IDC: iPad retains tablet share crown, Android rapidly catching up

While worldwide tablet shipments rest ultimately on Apple's shoulders -- for now -- Android is making in-roads with its vast array of supported devices and manufacturers.
Written by Zack Whittaker, Contributor

Latest statistics from research firm IDC show while Apple retains the crown in the tablet market share space, Google-owned Android is quickly catching up quarter on quarter.

In all, IDC pegs the total tablet shipments at 27.8 million during Q3 2012, an increase to just shy of 50 percent year-over-year and a 7 percent increase on the previous second quarter. 

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The greatest gain came from Android, thanks to the bevy of manufacturers offering the 'alternative' operating system, at the expense of Apple, which gained in shipments but lost out significantly in market share.

Though Apple surged by 26 percent in the third quarter year-over-year, Samsung's tablet share rocketed by 325 percent, while Asus saw an increase of more than 240 percent. Combined shipments total 7.5 million Android units compared to 14 million iPad shipments -- almost double -- but quarter on quarter, the odds are stacking in Android's favor.

Since the second quarter, where Apple's tablet market share stood at 65.5 percent, it's now reduced to just over half of the overall tablet share. 

While Apple has yet to reach the so-called 'saturation' point with its iPad tablet, sales are slowing down. The introduction of the 7-inch iPad mini last month may reinvigorate sales among the petite tablet niche, but Apple has hinted during its fourth quarter earnings call that the profit margin is far slimmer than its larger iPad counterpart, therefore profits may suffer as a result.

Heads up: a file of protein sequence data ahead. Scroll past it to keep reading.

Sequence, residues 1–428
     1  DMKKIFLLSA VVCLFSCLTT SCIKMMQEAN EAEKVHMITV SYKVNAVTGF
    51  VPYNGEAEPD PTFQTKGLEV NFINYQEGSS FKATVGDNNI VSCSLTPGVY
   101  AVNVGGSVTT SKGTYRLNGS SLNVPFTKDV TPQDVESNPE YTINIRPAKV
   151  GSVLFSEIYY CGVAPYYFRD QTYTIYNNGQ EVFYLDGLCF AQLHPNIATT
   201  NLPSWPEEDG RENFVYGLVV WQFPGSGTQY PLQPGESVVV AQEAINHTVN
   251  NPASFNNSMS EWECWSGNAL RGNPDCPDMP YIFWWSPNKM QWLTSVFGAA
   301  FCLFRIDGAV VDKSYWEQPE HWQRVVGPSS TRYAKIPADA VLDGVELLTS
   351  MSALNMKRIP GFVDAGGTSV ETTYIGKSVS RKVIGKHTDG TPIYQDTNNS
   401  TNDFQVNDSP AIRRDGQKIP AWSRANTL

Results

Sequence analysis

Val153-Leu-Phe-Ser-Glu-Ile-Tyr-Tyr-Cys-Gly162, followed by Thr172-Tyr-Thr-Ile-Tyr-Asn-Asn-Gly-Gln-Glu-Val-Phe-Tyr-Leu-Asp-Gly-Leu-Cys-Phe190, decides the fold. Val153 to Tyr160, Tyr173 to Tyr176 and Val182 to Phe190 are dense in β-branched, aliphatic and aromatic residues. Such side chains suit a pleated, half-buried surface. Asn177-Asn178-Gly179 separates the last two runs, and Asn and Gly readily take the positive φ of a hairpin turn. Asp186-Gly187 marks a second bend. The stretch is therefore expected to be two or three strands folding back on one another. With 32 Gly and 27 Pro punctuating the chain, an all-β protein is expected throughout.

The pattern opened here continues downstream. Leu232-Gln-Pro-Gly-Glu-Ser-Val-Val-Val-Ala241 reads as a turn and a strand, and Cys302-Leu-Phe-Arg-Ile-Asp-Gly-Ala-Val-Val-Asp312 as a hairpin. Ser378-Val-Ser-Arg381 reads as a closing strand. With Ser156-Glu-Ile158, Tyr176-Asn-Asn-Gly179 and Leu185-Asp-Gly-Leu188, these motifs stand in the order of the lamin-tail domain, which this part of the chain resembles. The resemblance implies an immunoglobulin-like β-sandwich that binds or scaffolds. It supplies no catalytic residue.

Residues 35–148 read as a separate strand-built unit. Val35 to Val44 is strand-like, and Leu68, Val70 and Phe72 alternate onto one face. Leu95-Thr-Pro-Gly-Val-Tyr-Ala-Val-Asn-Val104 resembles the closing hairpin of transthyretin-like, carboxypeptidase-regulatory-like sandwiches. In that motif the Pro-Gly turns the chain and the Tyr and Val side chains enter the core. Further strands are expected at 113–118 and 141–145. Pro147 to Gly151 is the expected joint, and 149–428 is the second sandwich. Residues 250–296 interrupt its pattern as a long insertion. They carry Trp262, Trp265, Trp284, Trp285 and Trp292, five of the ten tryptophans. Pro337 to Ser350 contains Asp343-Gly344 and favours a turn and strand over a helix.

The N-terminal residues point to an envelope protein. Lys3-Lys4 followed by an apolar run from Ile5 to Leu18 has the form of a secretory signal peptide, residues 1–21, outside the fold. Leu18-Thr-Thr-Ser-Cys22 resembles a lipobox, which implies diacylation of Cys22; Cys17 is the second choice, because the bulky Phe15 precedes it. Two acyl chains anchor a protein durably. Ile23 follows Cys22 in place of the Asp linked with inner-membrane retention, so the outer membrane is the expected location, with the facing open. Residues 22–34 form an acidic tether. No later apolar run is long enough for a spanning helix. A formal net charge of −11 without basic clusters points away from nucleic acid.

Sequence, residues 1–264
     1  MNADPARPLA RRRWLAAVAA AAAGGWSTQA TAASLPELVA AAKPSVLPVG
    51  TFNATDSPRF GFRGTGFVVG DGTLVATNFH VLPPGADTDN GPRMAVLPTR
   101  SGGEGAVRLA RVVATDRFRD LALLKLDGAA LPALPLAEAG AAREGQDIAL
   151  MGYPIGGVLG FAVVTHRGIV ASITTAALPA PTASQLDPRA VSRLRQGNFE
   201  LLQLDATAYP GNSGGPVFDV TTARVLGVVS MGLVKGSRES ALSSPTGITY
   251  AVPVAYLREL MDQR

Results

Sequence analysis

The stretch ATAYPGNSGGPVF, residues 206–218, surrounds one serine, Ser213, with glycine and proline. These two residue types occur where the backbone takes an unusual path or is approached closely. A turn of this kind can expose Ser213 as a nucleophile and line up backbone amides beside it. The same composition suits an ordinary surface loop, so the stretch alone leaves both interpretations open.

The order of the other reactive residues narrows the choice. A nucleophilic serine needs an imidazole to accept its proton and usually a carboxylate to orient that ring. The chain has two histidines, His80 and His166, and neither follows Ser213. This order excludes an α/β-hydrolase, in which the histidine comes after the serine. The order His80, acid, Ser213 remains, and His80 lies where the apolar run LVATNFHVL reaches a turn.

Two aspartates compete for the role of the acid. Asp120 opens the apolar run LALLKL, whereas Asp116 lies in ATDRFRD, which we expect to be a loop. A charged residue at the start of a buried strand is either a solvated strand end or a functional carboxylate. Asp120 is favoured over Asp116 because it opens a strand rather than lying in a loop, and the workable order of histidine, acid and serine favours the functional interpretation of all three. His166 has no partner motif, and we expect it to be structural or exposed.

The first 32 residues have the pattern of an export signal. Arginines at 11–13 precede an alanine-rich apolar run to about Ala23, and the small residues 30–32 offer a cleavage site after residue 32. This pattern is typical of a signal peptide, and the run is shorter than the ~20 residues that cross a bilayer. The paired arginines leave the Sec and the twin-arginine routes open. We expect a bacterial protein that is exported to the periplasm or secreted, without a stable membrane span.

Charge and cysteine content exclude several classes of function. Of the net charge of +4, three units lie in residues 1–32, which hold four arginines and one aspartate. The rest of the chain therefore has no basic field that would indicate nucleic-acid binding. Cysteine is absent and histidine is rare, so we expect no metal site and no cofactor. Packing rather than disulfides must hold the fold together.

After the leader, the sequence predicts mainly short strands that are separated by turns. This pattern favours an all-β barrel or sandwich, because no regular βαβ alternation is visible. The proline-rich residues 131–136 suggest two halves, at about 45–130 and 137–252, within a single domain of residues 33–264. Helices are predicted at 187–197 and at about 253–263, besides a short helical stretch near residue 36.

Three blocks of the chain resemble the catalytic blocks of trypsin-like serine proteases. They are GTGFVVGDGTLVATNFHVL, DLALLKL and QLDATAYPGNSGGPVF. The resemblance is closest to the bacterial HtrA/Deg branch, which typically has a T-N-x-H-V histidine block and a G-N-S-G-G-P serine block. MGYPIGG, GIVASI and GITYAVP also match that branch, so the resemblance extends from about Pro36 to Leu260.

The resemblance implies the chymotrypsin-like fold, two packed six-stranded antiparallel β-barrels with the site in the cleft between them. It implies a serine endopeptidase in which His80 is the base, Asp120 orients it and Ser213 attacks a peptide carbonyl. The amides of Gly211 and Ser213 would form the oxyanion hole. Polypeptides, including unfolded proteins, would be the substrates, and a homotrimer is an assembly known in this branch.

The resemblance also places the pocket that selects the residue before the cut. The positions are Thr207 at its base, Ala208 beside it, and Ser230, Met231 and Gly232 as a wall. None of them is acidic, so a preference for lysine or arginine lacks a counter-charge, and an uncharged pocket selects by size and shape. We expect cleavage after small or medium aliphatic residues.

Apple recently stated it had sold the 100 millionth iPad, but the figure disappointed analysts, coming in short of their expectations. The technology giant's fourth quarter ended abruptly as a result, after the company missed estimates, thanks to less-than-expected sales in the iPad division, despite an increase in sales by more than one-quarter on the same quarter a year ago.

For the Cupertino, CA.-based maker of shiny rectangles, the 7-inch tablet strategy was an all-but inevitable if the company wants to cling on to the top spot in tablet market share. 

But at the same time, Apple's iPad mini pricing point of $329, in spite of its arguably better design and closed software--hardware ecosystem, will leave many heading in the direction of Android- and Windows-powered tablets.

Meanwhile, Microsoft's debut into the tablet market, the business and enterprise ready Surface tablet, has yet to make in-roads. Interest in the Windows-powered tablet, designed for business users and bring-your-own-device (BYOD) users alike, has taken the software-turned-tablet maker by surprise, as deliveries slowed down across Europe after there weren't enough shipments to go around.

Microsoft is expected to build 3-5 million Surface tablets this quarter, according to reports, as the company charges itself with contending with Apple in the niche business-only space. 

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